Fiction — Kindle edition. Doubleday, 2016. 322 pages. Purchased.
Whitehead’s novel won both the 2017 Pulitzer Prize and the 2016 National Book Award, the first novel to do so since 1993. It also won the Arthur C. Clarke Award and the 2017 Andrew Carnegie Medal for Excellence, and was longlisted for the 2017 Man Booker Prize. Given this lavishing of praise and accolades, I added Whitehead’s novel to my to-read list but shied away from picking up the novel until I felt like most of the buzz had died down. (I also shied away because I didn’t like — or even finish — the only other novel by Whitehead that I’ve read.)
The novel follows Cora, a slave on a cotton plantation owned by the Randall brothers in George, as she makes the decision to follow another slave named Caesar, one of the few slaves on the plantation who is kind to Cora, to freedom on the Underground Railroad. Those familiar with the historical railroad know that “railroad” is a figure of speech for how slaves were moved from safe house to safe house until the reached non-slave states in the North. (And, even then, they weren’t safe from being returned to slavery thanks to the Fugitive Slave Act of 1850.)
In Whitehead’s novel, though, the Underground Railroad is a real railroad — a locomotive runs from George in the Deep South through South and North Carolina to non-slave states in the North. This isn’t the only example of Whitehead blurring timelines and historical fact; the forced sterilization and syphilis experiment on blacks in America begins about sixty years earlier in Whitehead’s narrative. (The Tuskegee syphilis experiment began around 1932; Whitehead’s novel is set prior to the break out of the American Civil War in 1861.)
“And America, too, is a delusion, the grandest of all. The white race believes — believes with all its heart — that it is their right to take the land. To kill Indians. Make war. Enslave their brothers. This nation shouldn’t exist, if there is any justice in the world, for its foundations are murder, theft, and cruelty. Yet here we are.” (pg. 285)
While the novel is largely told from Cora’s point of view, different characters who either aid or hinder her journey to freedom are given a chapter to explain their motivations. Among those characters are Ethel the reluctant participant on the Underground Railroad whose activities are uncovered by her neighbors; Ridgeway the slave hunter; and Mabel, Cora’s mother who ran off on the railroad decades before without her young daughter. What happened to Mabel haunts Cora and the narrative, and the novel is almost as much about Cora making peace with her mother’s actions as it is about her efforts to runaway.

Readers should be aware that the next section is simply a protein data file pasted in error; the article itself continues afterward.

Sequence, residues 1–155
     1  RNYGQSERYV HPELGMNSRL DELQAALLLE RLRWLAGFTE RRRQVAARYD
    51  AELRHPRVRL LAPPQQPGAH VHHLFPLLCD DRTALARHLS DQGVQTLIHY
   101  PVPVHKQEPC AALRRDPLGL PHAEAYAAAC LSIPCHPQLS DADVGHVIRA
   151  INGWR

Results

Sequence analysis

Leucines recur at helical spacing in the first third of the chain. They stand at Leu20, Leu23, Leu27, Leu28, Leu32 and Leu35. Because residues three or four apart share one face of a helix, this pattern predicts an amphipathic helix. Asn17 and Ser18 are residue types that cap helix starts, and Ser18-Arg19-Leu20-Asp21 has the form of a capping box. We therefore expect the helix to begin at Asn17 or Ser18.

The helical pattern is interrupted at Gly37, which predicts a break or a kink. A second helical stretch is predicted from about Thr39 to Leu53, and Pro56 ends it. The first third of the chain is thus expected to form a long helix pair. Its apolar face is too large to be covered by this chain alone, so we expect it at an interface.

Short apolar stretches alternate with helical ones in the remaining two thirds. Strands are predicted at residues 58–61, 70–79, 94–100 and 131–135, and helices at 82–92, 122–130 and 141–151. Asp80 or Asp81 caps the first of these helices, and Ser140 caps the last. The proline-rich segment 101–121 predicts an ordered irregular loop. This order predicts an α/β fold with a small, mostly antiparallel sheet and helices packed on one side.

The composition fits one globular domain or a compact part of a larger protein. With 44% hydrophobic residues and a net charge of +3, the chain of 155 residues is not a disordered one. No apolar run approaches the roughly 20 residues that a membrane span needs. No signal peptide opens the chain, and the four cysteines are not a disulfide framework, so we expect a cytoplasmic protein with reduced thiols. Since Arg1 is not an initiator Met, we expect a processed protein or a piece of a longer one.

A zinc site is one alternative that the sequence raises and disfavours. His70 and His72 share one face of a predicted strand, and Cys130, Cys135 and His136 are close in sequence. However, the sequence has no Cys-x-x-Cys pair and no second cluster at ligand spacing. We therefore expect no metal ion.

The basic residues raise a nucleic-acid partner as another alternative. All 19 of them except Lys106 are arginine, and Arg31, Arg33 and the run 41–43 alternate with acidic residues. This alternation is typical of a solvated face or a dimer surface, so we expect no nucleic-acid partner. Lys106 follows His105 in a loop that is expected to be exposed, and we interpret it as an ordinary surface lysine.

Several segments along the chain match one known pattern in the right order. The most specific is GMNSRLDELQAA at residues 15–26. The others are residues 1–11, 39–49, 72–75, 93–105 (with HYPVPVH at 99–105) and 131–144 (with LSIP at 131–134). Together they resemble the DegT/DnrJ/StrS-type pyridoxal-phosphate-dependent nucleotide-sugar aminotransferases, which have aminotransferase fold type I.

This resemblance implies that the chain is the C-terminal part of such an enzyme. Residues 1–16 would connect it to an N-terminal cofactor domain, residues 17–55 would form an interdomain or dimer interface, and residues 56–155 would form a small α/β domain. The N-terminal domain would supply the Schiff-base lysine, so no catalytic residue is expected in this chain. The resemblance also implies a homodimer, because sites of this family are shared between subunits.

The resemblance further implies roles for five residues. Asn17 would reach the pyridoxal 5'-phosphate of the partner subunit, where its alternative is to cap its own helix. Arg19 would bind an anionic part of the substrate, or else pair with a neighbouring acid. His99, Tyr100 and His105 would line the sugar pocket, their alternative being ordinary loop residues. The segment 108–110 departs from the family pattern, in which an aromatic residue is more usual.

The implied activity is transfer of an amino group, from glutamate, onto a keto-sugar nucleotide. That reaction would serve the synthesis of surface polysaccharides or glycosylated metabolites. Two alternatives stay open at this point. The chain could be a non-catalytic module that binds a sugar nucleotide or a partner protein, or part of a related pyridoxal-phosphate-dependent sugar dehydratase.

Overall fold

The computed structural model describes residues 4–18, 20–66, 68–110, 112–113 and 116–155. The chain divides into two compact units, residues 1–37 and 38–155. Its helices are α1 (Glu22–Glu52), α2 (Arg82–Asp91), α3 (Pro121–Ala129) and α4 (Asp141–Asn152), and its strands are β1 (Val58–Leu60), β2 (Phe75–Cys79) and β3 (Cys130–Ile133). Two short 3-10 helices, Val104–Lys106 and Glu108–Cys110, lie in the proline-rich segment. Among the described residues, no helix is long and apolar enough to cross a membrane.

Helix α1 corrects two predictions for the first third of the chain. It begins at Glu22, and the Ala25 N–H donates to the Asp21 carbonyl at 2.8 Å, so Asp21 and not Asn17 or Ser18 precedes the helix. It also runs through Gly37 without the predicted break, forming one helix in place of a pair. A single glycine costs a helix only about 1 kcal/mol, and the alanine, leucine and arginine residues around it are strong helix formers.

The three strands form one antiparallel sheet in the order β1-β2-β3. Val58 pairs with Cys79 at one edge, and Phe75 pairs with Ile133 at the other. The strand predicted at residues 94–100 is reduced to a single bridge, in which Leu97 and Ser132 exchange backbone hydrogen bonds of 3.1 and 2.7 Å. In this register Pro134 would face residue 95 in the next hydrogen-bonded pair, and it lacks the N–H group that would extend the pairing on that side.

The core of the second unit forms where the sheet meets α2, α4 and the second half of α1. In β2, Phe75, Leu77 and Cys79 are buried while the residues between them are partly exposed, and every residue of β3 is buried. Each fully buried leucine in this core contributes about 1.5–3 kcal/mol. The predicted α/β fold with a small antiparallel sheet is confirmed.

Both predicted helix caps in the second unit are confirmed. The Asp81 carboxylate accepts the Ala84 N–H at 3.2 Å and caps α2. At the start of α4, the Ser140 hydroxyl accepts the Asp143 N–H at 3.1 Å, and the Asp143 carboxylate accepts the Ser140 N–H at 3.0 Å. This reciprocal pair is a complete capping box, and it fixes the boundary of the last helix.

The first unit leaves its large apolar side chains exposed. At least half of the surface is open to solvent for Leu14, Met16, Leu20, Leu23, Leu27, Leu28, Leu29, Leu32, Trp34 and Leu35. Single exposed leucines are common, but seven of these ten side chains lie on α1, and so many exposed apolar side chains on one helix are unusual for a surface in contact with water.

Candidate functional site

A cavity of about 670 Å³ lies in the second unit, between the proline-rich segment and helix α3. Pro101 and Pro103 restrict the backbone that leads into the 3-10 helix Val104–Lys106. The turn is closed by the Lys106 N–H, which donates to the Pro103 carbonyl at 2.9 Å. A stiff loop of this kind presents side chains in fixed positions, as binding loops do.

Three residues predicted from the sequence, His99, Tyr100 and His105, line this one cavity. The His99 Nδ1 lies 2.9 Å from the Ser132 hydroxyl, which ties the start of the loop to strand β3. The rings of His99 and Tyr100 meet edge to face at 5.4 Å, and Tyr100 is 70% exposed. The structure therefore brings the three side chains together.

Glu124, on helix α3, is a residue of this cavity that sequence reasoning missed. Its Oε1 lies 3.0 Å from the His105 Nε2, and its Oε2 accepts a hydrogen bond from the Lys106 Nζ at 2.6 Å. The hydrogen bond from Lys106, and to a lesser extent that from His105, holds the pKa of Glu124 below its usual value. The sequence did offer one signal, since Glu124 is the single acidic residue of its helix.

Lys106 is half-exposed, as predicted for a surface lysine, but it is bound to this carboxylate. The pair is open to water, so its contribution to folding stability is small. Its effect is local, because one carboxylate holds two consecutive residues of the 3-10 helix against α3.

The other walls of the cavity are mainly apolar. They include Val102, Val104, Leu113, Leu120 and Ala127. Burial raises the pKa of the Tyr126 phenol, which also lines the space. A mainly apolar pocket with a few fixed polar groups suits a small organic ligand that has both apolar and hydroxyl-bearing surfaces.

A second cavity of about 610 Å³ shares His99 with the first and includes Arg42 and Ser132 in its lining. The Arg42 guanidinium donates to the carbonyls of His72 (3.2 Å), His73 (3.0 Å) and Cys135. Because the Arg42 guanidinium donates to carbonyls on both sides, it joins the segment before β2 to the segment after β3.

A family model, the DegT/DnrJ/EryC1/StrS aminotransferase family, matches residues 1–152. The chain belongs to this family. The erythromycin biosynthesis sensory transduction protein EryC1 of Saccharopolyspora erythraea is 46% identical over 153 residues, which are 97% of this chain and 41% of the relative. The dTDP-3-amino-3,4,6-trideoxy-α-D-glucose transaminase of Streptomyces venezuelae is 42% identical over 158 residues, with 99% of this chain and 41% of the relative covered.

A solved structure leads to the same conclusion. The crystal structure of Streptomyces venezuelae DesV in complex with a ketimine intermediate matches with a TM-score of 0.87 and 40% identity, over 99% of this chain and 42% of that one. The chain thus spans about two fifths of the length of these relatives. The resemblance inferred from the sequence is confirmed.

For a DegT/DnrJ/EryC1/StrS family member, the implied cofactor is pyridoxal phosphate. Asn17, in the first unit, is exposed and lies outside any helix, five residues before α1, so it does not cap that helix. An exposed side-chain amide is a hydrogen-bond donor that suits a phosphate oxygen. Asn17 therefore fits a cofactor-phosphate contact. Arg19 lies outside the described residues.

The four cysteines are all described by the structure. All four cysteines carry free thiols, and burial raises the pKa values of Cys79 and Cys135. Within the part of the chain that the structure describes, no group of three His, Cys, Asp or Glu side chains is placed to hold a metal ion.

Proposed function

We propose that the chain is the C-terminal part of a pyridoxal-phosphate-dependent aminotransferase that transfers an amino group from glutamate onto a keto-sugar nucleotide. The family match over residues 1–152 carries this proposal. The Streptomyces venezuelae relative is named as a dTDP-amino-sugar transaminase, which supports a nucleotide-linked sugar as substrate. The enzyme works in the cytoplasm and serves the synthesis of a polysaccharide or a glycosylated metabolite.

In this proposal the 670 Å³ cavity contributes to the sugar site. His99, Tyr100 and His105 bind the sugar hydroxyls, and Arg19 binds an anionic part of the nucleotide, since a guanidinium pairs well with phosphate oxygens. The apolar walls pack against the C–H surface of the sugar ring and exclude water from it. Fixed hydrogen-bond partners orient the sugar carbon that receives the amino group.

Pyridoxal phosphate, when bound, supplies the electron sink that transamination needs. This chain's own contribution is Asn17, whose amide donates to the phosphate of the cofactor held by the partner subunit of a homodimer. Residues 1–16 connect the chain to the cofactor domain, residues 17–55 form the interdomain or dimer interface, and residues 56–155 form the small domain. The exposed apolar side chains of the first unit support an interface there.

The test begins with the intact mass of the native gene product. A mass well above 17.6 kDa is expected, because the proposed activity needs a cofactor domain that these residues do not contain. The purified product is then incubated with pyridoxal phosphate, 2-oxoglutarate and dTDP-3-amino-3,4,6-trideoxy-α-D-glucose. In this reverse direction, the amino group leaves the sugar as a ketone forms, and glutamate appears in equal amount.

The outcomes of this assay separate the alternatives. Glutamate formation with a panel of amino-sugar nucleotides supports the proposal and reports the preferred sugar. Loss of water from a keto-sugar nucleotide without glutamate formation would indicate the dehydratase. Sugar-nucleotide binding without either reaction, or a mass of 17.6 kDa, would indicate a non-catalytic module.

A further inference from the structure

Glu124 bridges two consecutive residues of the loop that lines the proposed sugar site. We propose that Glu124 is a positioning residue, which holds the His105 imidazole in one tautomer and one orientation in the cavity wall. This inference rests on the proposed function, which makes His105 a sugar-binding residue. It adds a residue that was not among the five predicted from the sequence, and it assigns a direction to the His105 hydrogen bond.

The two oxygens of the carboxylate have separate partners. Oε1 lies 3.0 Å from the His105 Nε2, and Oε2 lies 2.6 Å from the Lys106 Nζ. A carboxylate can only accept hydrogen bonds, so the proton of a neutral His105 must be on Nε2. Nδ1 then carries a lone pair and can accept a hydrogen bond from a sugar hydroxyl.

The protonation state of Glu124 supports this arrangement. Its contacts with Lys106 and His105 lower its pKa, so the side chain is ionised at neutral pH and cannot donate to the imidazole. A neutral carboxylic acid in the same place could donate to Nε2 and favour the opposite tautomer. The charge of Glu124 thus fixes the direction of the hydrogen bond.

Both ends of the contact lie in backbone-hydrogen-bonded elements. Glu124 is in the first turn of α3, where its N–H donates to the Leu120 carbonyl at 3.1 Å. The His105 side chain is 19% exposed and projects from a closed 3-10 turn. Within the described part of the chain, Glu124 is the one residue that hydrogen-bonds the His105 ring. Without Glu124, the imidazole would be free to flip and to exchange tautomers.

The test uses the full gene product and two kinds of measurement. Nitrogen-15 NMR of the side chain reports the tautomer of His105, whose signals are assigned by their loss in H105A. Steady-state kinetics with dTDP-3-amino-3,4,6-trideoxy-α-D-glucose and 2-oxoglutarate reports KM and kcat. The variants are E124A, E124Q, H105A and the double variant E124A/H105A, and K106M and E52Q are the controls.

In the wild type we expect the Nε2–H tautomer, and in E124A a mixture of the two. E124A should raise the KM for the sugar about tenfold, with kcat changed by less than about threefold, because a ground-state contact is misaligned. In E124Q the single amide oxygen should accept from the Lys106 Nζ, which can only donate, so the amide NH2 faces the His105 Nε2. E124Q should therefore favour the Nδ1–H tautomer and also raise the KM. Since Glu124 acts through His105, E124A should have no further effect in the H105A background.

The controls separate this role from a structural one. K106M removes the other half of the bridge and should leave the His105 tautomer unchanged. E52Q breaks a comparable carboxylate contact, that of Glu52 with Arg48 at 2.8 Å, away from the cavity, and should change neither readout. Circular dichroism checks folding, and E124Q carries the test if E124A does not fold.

“Was she out of bondage or in its web: how to describe the status of a runaway? Freedom was a thing that shifted as you looked at it, the way a forest is dense with trees up close but from outside, from the empty meadow, you see its true limits. Being free had nothing to do with chains or how much space you had.” (pg. 179)
In this novel, Whitehead’s writing style shines. I highlighted a number of passages — far too many to share here — that caused me to pause, that I either immediately applauded or had to mull over further to understand his point. One particular struggle that Whitehead weighs in the novel is how people are sold on this idea that the long arc of history bends towards justice.
“He told her that every one of her enemies, all the masters and overseers of her suffering, would be punished, if not in this world then the next, for justice may be slow and invisible, but it always renders its true verdict in the end.” (pg. 280)
Yet how long can a person wait for that bend? And when justice comes, what does it look like? Freeing the slaves yet making restitution payments to whites for the lost capital that freed slaves constitute to them? Or, an eye for an eye? If a slave like Homer is freed, but only knows slavery and has no support to change his life, what can happen to him? Slavery is horrid and evil; the conditions and racial biases that encouraged it to happen are ones America still struggles with today. And Whitehead clearly tries to point that out, even as he sets his novel in the past.
His decision to include a literal railroad may have originally struck me as odd, but I’ve seen others describe it as a clever way to point out the role of slavery in America. After all, whoever built the railroad did so literally right under the feet of the whites in power and kept it going despite sub-par materials (the locomotive barely holds together from one station to the next). It is, as one reviewer on GoodReads put it, “a powerful metaphor of how much slaves did for America, and how much of [that work] is hidden”.
The novel isn’t entirely without fault, though. The only character Whitehead takes the time to develop is Cora. The rest are either caricatures of how one expects a slave catcher to behave or are given such fleeting chapters that their stories end just as the reader is starting to understand their idiosyncrasies (Ethel probably being the best example). Generally, the praise lavished on this novel is well-founded. It is a difficult novel to read due to its subject matter, but certainly one I’m glad I finally stopped waiting to pick up.